By Paul Dini (writer), Dustin Nguyen (pencils), Derek Fridolfs (inks), John Kalisz (colors)

Readers who have been complaining about Grant Morrison’s RIP story arc in Batman have no reason to bitch about Paul Dini’s story in Detective Comics. In the opening pages the story immediately touches on RIP, explaining the general synopsis in bite-sized nuggets for new readers. The rest of the issue covers a fair amount of ground and in a straight forward fashion that surprisingly almost comes off as dull. Maybe I’m just used to Morrison’s cryptic style of story with Batman; I’ll admit I haven’t read much of Paul Dini’s Detective work.

Much like the aforementioned straight forward storytelling style, so is the concept. Hush is back and nothing has changed. He wants Bruce Wayne dead. Dini spends most of this issue putting us in Hush’s mindset, giving us glimpses of his past and how he conspired to kill his own parents. And I’ll be the first to admit that Hush’s twisted logic for wanting Bruce Wayne dead is pretty freaking stupid. But hey, whatever, I’ll go along with the ride (even though I think the character is retarded). Basically, it comes down to this: Hush learns of the Black Glove’s plan to kill Wayne and takes it upon himself to eliminate anyone who seeks to steal that privilege away. Again, twisted logic, but then again, most of Batman’s villains are whack jobs, right?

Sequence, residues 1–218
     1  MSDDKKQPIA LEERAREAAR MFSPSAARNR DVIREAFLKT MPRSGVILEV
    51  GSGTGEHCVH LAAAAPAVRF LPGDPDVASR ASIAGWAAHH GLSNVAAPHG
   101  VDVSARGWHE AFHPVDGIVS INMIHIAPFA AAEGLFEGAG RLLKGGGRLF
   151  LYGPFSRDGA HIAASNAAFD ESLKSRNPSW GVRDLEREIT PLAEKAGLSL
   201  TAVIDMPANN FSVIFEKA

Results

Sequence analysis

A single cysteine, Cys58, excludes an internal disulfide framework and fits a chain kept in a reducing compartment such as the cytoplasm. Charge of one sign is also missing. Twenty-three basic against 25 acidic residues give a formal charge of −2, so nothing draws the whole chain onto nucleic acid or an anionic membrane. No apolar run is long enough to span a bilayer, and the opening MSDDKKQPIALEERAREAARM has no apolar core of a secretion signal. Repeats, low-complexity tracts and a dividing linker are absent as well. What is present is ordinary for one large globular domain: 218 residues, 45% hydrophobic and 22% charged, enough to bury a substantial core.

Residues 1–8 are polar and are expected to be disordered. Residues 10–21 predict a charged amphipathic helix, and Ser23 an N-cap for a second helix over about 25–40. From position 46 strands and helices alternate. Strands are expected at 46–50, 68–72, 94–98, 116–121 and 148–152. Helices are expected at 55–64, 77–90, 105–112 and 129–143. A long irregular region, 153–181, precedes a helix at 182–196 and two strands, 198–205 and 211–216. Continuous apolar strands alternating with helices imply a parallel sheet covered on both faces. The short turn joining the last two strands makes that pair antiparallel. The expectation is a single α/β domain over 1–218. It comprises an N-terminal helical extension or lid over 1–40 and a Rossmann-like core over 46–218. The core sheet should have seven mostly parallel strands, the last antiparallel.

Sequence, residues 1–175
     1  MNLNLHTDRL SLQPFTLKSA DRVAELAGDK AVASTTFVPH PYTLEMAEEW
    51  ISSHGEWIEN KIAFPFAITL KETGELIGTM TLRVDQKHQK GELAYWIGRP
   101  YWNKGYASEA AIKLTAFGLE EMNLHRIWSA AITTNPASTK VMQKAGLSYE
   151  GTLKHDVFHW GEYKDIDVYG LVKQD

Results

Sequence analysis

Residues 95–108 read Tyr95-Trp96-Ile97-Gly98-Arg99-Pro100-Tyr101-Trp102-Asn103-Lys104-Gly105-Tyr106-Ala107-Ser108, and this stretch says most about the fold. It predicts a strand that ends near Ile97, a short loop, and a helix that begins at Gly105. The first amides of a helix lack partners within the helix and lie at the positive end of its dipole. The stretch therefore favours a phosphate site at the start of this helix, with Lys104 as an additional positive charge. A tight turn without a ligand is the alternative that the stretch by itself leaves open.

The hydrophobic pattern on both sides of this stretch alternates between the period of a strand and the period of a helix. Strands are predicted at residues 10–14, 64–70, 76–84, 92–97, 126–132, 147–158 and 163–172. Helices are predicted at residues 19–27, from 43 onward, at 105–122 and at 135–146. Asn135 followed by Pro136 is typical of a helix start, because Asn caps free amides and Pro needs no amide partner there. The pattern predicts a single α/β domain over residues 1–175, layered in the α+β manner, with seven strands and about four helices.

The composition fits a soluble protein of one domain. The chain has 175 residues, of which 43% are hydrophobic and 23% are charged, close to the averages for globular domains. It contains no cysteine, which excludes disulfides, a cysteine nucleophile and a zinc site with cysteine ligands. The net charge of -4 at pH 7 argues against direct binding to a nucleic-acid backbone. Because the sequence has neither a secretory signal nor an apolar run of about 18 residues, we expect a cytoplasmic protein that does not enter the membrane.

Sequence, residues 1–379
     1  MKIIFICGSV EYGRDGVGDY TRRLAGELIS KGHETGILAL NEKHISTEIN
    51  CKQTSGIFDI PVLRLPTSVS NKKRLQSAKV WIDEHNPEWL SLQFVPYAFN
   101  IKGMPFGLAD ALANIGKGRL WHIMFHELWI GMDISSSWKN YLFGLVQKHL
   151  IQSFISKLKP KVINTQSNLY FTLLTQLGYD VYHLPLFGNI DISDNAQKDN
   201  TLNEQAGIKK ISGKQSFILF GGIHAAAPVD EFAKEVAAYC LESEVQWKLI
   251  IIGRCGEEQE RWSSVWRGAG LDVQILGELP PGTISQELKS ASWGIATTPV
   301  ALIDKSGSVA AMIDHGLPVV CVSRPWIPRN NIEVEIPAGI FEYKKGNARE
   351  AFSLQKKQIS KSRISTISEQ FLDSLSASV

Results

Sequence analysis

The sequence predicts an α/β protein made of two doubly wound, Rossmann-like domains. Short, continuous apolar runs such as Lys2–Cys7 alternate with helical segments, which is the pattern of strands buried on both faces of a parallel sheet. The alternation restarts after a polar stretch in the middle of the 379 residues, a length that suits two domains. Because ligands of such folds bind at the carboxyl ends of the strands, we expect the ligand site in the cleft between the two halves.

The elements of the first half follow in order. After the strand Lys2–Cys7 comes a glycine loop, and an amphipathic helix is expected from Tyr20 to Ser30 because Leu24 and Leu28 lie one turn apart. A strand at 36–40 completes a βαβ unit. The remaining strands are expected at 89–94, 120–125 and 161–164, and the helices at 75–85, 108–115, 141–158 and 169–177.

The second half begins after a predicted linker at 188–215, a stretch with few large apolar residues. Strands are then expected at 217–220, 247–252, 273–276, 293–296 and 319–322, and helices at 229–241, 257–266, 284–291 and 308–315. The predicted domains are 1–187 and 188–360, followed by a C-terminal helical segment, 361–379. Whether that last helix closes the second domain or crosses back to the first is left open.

There’s a lot of fable and proverb-inspired ramblings in this issue thanks to Doctor Aesop. At first, it seems rather clever as Batman and Catwoman try to take in the Doctor’s musings while upping the ante with their own famous quotes (all while fighting him and his brainwashed animals and henchmen). But eventually, things get out of hand, almost to the point of being ridiculous. The story borders on becoming cliche and a self-parody. Thankfully it’s all ended with a gun shot, which I guess is supposed to be somewhat shocking, but had me applauding the villain.

Eh.

Dustin Nguyen’s art is still wonderful on the eyes, but if you were to ask me what I prefer, Morrison’s mess of a puzzle of Dini’s straight forward silliness, I think I’ll take the former. (Grade: C-)

– J. Montes

Grade

Conclusion